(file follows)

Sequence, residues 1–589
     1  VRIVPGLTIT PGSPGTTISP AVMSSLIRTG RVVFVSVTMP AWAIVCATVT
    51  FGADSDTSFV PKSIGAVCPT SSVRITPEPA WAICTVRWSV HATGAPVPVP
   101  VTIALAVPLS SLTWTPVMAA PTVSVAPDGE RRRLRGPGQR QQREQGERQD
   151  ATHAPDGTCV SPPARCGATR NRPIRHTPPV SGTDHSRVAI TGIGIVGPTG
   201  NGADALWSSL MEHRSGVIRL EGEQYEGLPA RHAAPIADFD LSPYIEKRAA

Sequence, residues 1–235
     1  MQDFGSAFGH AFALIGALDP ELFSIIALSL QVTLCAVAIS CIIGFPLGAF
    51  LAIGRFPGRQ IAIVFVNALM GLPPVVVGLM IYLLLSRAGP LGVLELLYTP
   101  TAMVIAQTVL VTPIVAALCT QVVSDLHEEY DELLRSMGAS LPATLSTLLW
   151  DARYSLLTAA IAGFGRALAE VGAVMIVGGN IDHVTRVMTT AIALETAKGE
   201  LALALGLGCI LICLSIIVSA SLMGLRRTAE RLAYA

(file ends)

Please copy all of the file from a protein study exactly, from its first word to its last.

Sequence, residues 1–589
     1  VRIVPGLTIT PGSPGTTISP AVMSSLIRTG RVVFVSVTMP AWAIVCATVT
    51  FGADSDTSFV PKSIGAVCPT SSVRITPEPA WAICTVRWSV HATGAPVPVP
   101  VTIALAVPLS SLTWTPVMAA PTVSVAPDGE RRRLRGPGQR QQREQGERQD
   151  ATHAPDGTCV SPPARCGATR NRPIRHTPPV SGTDHSRVAI TGIGIVGPTG
   201  NGADALWSSL MEHRSGVIRL EGEQYEGLPA RHAAPIADFD LSPYIEKRAA

Sequence, residues 1–235
     1  MQDFGSAFGH AFALIGALDP ELFSIIALSL QVTLCAVAIS CIIGFPLGAF
    51  LAIGRFPGRQ IAIVFVNALM GLPPVVVGLM IYLLLSRAGP LGVLELLYTP
   101  TAMVIAQTVL VTPIVAALCT QVVSDLHEEY DELLRSMGAS LPATLSTLLW
   151  DARYSLLTAA IAGFGRALAE VGAVMIVGGN IDHVTRVMTT AIALETAKGE
   201  LALALGLGCI LICLSIIVSA SLMGLRRTAE RLAYA